Dragon Age returns next month, gracing consoles with its blood splattered faces, sexually pliable characters, and most importantly, a host of improvements in its user interface. I’ll get to that in a moment.
The last few years in the video game industry have been rife with sequels and knock-offs. With a few exceptions (Red Dead Redemption and Heavy Rain), the blockbusters of 2010 were all based on prior source material. This year isn’t much better. So far we have Dead Space 2, Kill Zone 3, Little Big Planet 2, and Dragon Age 2. It seems that 2011 might shape up to be year of the sequel—part 2.
Don’t get me wrong—I’m not against sequels. I’m in the gaming industry. I understand that a studio has to make a buck. What I object to is sequels at the expense of innovation. A sequel that copies but does not innovate is undeserving of the property to which it owes its name. Also, gamers are savvy consumers. They know when they’re being copied to, and they won’t suffer it.
This all brings me back to Dragon Age 2. I was not among the teeming throngs that hailed Dragon Age as the spiritual successor to Baldur’s Gate. I played the game, I enjoyed it (except those damn dwarven caves!), but it was by no means my platonic ideal of an RPG video game. I was coming off a Mass Effect high, and Dragon Age lacked many of the qualities that had endeared the Mass Effect series to me: meaningful dialogue and story choices, a main character I was attached to, a quick and intuitive advancement system. All this made me a little skeptical of Dragon Age 2.
I admire Bioware, though. The company could have sat on the Dragon Age property, relying on the success of the first game to carry it into four or five more iterations (Tomb Raider, ahem). Instead, the studio learned from the lessons of Mass Effect. It revisited the game, preserving the story while allowing clunky mechanics to slough away. The result is a game that I can get behind.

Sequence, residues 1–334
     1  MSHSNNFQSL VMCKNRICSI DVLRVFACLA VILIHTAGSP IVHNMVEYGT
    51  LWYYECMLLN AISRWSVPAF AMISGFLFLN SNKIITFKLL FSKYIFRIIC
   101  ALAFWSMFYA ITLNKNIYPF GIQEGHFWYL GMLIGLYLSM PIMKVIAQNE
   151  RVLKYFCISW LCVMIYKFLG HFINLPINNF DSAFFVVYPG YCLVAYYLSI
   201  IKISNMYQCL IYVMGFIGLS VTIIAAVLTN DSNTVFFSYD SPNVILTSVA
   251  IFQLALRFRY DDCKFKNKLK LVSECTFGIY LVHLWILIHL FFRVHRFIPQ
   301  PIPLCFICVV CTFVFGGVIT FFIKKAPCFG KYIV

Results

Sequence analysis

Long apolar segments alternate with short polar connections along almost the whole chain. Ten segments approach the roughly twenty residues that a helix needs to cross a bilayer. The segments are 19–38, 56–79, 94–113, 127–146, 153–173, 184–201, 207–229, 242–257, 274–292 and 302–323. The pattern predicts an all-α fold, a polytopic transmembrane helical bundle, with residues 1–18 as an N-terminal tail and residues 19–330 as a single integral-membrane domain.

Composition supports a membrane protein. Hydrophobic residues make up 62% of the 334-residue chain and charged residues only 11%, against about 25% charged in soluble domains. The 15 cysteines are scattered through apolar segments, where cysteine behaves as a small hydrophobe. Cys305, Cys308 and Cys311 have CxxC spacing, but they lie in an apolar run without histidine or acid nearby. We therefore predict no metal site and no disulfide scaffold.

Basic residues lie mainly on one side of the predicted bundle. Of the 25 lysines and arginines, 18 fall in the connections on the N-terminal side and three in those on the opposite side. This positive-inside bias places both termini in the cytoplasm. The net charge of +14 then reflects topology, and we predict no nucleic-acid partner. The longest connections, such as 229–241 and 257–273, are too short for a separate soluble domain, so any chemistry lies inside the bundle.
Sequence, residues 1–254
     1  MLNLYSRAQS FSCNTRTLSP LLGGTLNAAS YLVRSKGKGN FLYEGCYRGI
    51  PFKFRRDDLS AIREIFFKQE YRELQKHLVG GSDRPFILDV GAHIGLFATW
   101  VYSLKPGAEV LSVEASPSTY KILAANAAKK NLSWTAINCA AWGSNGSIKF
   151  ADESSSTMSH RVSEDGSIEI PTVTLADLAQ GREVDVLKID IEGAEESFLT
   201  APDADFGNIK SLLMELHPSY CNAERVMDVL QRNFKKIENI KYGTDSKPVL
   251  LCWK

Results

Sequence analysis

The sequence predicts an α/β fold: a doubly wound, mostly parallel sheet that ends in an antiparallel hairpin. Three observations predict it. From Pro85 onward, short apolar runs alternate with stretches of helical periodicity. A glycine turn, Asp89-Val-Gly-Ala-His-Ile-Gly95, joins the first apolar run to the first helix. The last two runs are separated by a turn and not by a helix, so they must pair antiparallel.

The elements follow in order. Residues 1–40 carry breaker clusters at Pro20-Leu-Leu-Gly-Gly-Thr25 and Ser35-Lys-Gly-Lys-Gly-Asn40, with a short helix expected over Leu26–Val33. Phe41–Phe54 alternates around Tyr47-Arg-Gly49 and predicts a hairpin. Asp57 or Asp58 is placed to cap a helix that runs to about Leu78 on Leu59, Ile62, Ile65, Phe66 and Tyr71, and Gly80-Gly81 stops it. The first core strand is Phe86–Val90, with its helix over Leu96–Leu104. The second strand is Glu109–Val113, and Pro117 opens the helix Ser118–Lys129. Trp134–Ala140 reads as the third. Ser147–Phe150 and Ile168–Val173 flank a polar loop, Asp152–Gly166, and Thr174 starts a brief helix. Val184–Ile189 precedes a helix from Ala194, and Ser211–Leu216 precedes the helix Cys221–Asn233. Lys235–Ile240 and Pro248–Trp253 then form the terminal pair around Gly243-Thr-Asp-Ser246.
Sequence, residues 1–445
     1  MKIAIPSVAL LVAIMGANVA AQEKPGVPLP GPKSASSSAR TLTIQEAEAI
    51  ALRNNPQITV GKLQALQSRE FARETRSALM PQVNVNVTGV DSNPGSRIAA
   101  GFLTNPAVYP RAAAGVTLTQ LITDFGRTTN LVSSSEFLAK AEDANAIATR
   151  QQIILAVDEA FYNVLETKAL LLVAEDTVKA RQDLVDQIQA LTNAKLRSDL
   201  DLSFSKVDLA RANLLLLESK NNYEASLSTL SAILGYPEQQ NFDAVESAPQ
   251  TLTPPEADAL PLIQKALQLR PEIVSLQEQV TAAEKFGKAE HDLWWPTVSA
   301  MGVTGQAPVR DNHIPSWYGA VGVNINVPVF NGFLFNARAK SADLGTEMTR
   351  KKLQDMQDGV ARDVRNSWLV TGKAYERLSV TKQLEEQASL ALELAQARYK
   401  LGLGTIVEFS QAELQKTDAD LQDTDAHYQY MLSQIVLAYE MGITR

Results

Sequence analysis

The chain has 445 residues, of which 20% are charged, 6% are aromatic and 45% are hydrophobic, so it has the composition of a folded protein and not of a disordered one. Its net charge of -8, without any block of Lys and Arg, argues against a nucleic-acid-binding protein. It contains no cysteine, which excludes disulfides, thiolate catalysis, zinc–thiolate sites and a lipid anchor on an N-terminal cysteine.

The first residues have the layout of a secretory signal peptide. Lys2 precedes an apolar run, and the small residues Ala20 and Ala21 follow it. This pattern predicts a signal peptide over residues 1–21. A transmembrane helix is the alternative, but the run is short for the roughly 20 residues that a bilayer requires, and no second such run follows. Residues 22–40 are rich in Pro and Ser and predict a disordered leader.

At its core, Dragon Age 2 seems to provide the same basic experience. A single player has a party of adventurers who interact with the world through their abilities and back stories. Sound familiar? It’s a pretty good analog to D&D, only it’s a solo experience. What’s markedly different in Dragon Age 2 is that the choices you’re given are more meaningful. The story engaged me from the start by giving my character dialog choices that forced me to make tough choices about who my character was. Having a voiced main character (another departure from Dragon Age 1) makes a big difference in this respect. I’m given choices that make me want to play the main character. In the first Dragon Age, I always wished I could swap out my character for one of the secondary characters.
I mentioned the user interface. Bioware’s developers seem to have endeavored to clean up the system, making it more intuitive through helpful information and better organization. The advancement system explains more clearly what attributes and abilities do, and spells are formatted in a tree-like progression system that makes it easier to visualize. The interface has lots of visual cues, like colors and symbols, that make it easier to navigate. I was particularly fond of the symbols next to the dialogue options, which give hints about what a dialogue option means. (During Dragon Age 1 , more than once I picked a dialogue option, thinking it meant something and finding out it was exactly the opposite of my intent).
Dragon Age 2 has a similar graphic style as the previous one, and the soundtrack is amazing (great D&D music!). I can’t say much more to laud the game. I suppose my only lingering reservation is that the advancement system for a class is so open that I don’t identify a particular character with his or her abilities. That is, in Dragon Age 1, even though Morrigan was a shapechanger, you could ignore those abilities and advance her down an entirely different path. Dragon Age 2 maintains that tradition, making character seemingly unincentivized to follow a particular area of study. Some people might enjoy having the platitude of options. I prefer a character to have a story that speaks to the mechanics, even at the expense of options.
Will Dragon Age 2 sell me on the franchise? I’ll have to wait and see the rest of the game. For now, all signs point to yes.